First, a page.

A Combined Analytic and Inductive Approach to Learning in Knowledge-Based Systems

Combining expert knowledge and inductive learning for knowledge-base maintenance

We are investigating the use of novel machine learning techniques to facilitate the acquisition of knowledge for knowledge-based systems and the management of large knowledge bases. We have developed a machine learning system that maintains a close tie between a knowledge base of expert rules and a database of examples. For example, if the knowledge base is changed, the examples in the database affected by the change will be identified, and more importantly, if the database changes (e.g., by the addition of examples), the system will can make changes to the knowledge base to make it consistent with the examples. This system is called the First-Order Combined Learner FOCL.


Use machine learning methods to find patterns in data that are not correctly classified by expert knowledge


Examples belonging to a set of categories

Rules that classify examples into categories


Rules that classify examples into categories

Performance Goal

At least as accurate as running inductive program on examples

At least as accurate as original rules

Calendar Management Example

Collaboration with Tom Mitchell , CMU. The Calendar Manager schedules the time, duration, location of meetings. It Learns to suggest defaults of users given information on the purpose of meeting, the people attending, and the person scheduling meeting. It is regularly used by several people at CMU.

Unique Aspects of UCI work: FOCL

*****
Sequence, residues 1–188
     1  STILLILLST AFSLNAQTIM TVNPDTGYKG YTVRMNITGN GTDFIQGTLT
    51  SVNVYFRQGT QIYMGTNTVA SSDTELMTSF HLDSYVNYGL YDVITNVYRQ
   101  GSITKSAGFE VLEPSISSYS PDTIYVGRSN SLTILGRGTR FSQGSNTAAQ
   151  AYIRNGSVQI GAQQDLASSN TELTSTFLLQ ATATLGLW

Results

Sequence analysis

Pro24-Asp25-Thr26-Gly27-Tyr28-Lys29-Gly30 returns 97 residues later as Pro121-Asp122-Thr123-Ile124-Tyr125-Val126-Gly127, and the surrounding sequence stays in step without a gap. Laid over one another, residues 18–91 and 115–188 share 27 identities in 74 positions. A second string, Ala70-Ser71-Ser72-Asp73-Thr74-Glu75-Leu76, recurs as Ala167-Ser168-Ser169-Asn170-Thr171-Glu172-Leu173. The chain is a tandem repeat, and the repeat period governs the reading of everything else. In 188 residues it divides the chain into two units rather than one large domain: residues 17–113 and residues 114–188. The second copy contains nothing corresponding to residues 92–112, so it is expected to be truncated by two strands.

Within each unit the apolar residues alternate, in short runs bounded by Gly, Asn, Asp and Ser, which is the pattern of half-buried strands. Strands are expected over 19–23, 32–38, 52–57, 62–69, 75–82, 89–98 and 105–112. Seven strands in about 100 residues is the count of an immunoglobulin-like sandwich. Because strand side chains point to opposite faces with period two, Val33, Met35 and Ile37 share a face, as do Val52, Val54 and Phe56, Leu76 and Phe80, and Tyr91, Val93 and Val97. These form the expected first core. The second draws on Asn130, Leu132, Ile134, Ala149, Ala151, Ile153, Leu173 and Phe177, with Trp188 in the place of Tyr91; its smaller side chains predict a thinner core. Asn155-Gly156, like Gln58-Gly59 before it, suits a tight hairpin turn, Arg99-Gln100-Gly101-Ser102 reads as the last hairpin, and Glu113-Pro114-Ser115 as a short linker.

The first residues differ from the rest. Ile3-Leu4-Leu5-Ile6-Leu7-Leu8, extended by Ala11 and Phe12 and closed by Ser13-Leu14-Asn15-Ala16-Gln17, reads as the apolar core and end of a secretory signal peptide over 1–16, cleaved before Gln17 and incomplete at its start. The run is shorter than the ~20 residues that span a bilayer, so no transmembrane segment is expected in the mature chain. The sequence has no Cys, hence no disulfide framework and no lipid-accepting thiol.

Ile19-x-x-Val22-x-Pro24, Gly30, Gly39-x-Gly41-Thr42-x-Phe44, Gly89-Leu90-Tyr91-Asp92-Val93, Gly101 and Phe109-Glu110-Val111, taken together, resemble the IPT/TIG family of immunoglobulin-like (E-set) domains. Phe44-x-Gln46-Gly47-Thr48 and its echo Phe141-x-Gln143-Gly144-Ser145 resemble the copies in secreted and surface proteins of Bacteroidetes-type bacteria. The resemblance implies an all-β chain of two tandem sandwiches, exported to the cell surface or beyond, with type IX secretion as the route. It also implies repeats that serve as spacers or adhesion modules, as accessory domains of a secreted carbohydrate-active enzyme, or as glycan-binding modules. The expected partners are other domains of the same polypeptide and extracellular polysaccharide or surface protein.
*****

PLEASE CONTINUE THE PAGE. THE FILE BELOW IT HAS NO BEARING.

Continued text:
• Learns first-order rules from examples

    More expressive than propositional logic used in decision trees, neural nets, etc.

    Ability to learn from relational & object oriented databases

    Some Calendar Rules Without First Order Rules:

    location-WeH5309 :- attendees = office-hours & 
                        sponsor = mitchell
    location-WeH5307 :- attendees = office-hours & 
                        sponsor = mason

    Some Calendar Rules With First Order Rules

    location(Meeting, Room) :- attendees(Meeting, office-hours) & 
                               sponsor(Meeting, S) &
                               office(S, Room).
    This first-order rule captures the same information as the two propositional rules: Faculty typically have office hours in their offices.

  • Use of existing rules to bias learning

    The theory graphed below is a simple theory of how faculty schedule their meeting locations. A person who schedules the meeting schedule it in his office, classes are held in the classroom in which they are assigned, and seminars are held in seminar rooms. The theory isn't perfect, but it helps a FOCL learn to make more accurate predictions. For example, one rule is changed by training on two faculty schedules to indicate that faculty schedule meetings in their office if no more than two others attend.

    (event-location_learned_rule ?0 ?1) :- 
            (event-type ?0 ?2), (eql ?2 meeting), (scheduled-by ?0 ?3),
            (office ?3 ?1), (number-of-attendees ?0 ?4), (<= ?4 2)

    Comparison of Learning Methods

    This graph shows the average accuracy of FOCL trying to predicting the location at which a meeting will be held under three conditions:

    FOCL is more accurate when given useful background relations, and even more accurate when also given an approximate domain theory.

    Existing Applications of FOCL

    Application              Rules   Data        Source        
    Chess end games             10   1000 	  investigator
    Payment of student loans    20   1000 	  honors project
    Foreign trade negotiations  30    100 	  company (EBR)
    Aircraft Identification     35    100 	  company (Hughes)
    Telephone network           80   1000 	  company (NYNEX)
    Calendar management          7    500 	  CMU
    Translation              (3000)  7200 	  company (NTT)

    Work In Progress

    I assume you are familiar with a Hot List that contains pointers to your favorite Web pages. We are working on an an extension to Mosaic that contains a Cold List with pointers to Web pages you've visited but didn't like. Here's why:


    Machine learning papers from UCI
    Project Leader: Michael Pazzani
    Department of Information and Computer Science,
    University of California, Irvine
    Irvine, CA 92717-3425